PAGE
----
The marathon runs towards normality

The pandemic erased the crowds from the world map for much of 2020 and 2021. In sport it meant the departure of the public stadiums, pavilions, circuits, ports … And also the cancellation of popular races. The big marathon events were not spared. From the six so-called Majors, the most important, last year only two were organized, Tokyo and London, but reduced to elite competition. Boston, Berlin, Chicago and New York they closed the activity waiting for safer times. The spring window, which traditionally houses half of them, didn’t improve the outlook either, so they all relocated in the fall. Its celebration since September has returned a certain normality to popular athletics, to the extensive running sector.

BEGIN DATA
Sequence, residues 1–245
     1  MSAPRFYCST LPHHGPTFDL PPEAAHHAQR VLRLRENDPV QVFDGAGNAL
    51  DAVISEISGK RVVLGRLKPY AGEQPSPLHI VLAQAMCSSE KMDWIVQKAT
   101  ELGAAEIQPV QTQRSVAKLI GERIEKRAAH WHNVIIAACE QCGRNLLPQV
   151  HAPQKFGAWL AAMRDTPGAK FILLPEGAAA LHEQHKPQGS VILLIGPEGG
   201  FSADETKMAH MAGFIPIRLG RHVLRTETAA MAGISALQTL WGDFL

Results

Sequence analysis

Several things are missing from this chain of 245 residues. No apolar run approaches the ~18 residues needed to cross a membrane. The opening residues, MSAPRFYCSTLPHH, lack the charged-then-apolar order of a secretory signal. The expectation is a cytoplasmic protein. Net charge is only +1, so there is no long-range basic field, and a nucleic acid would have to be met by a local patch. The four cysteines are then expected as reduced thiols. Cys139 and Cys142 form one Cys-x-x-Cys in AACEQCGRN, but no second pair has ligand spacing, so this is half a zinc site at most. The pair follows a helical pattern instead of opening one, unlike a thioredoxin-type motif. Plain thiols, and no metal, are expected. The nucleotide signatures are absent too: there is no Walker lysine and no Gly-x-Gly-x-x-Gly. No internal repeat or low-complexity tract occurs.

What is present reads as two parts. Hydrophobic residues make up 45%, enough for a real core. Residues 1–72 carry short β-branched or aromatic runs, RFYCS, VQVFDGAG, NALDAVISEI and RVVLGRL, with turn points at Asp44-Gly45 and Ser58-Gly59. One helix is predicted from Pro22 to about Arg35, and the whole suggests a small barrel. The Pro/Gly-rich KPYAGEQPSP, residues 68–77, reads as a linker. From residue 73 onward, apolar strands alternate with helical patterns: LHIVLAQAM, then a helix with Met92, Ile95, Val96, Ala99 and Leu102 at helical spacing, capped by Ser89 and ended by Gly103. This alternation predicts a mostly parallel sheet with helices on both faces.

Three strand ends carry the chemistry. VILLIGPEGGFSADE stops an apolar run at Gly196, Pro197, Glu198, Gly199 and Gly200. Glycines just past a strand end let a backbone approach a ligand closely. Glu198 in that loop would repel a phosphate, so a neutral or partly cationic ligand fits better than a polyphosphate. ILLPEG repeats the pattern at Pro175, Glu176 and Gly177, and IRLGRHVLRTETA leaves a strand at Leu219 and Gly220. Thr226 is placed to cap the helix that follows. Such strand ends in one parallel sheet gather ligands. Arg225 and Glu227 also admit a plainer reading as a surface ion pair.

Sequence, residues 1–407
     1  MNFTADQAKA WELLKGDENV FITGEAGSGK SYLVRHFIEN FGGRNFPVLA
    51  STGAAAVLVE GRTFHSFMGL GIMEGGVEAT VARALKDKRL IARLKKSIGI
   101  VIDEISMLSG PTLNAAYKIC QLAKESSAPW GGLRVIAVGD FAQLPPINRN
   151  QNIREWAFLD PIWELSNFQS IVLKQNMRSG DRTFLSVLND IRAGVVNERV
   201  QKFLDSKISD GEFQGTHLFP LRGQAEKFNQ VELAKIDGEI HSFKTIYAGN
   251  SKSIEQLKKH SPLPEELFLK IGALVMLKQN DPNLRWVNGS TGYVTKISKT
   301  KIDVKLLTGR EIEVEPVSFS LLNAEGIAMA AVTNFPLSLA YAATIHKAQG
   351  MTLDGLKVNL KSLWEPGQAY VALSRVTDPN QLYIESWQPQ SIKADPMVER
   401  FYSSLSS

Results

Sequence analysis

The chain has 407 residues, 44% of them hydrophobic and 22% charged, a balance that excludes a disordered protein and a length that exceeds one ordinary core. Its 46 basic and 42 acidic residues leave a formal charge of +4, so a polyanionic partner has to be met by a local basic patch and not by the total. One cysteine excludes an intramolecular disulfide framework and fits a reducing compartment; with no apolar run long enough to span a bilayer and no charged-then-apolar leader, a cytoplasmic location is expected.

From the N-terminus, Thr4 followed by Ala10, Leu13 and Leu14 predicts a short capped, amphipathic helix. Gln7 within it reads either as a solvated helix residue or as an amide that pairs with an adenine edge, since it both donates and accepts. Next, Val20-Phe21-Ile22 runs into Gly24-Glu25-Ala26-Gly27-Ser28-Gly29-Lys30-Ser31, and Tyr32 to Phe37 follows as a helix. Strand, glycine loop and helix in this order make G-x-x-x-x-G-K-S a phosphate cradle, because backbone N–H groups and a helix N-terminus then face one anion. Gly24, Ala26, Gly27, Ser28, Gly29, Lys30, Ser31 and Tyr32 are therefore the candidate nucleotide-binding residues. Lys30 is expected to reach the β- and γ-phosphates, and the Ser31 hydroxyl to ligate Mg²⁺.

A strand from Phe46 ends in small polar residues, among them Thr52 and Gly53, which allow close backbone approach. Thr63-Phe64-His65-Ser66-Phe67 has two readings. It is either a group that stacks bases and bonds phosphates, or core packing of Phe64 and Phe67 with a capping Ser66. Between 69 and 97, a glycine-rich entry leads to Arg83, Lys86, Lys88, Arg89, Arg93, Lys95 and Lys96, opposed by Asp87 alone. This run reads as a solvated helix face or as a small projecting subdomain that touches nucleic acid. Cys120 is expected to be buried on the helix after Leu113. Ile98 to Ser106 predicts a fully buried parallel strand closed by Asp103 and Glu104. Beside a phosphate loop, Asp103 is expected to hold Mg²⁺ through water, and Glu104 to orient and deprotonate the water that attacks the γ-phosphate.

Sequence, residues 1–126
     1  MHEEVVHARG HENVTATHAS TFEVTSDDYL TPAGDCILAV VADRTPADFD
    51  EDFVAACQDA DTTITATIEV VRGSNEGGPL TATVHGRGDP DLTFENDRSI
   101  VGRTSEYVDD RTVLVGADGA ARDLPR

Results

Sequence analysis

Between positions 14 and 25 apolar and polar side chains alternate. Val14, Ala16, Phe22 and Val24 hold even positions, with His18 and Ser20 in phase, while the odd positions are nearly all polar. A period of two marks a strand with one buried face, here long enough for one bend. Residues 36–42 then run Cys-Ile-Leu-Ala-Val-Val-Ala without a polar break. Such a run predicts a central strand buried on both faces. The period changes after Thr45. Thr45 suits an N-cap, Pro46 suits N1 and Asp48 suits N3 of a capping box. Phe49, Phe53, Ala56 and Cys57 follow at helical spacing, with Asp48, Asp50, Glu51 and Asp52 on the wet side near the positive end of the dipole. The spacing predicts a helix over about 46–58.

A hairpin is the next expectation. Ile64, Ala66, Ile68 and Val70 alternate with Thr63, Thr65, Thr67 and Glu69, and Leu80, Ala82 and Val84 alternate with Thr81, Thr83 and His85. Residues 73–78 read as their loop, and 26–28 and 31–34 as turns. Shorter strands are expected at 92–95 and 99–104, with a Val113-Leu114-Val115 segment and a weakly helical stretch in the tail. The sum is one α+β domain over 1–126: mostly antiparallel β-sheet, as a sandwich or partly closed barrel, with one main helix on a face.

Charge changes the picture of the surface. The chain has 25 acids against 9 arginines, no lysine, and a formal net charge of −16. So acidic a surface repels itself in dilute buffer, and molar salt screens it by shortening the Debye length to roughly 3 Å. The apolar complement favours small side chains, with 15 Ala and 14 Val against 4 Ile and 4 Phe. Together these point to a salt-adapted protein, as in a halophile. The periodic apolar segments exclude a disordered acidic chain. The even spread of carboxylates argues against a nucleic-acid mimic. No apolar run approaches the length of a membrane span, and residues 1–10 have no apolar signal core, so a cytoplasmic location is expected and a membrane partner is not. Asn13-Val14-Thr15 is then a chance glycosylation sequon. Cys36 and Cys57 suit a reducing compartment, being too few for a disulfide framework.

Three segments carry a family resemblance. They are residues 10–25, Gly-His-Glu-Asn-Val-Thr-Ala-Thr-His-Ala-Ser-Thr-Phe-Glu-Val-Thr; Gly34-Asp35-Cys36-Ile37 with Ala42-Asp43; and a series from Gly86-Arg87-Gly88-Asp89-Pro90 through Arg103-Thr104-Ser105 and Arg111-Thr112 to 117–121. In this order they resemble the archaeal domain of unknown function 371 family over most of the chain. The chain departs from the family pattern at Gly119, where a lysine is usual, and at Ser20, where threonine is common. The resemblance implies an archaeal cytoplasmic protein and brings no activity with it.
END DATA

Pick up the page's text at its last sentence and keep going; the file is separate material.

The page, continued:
London exceeded 40,000 athletes, the most massive participation so far. Chicago reached 35,000. Boston hosted about 20,000. Berlin put the cap at 25,000, when it usually exceeds 60,000. AND New York It will close on November 7 with 33,000 runners out of its usual 55,000. Single Tokyo, initially scheduled for next Sunday, has again hit the brakes with another postponement until March 2022 due to its current state of emergency. There are still restrictions, of course, but the marathons are beginning to see the light, in parallel with the return of the public to the venues. The trend in Spain has been similar. Madrid was finally able to organize its marathon on September 26, after 29 months of drought. Barcelona, on November 7, and Valencia, on December 5, appear in perspective, like many others. The return of popular racing is great news for the sport. And not only because of the physical and healthy activity, but also because of its social and economic aspect. The city of Madrid, for example, moves 40 million euros on your weekend.

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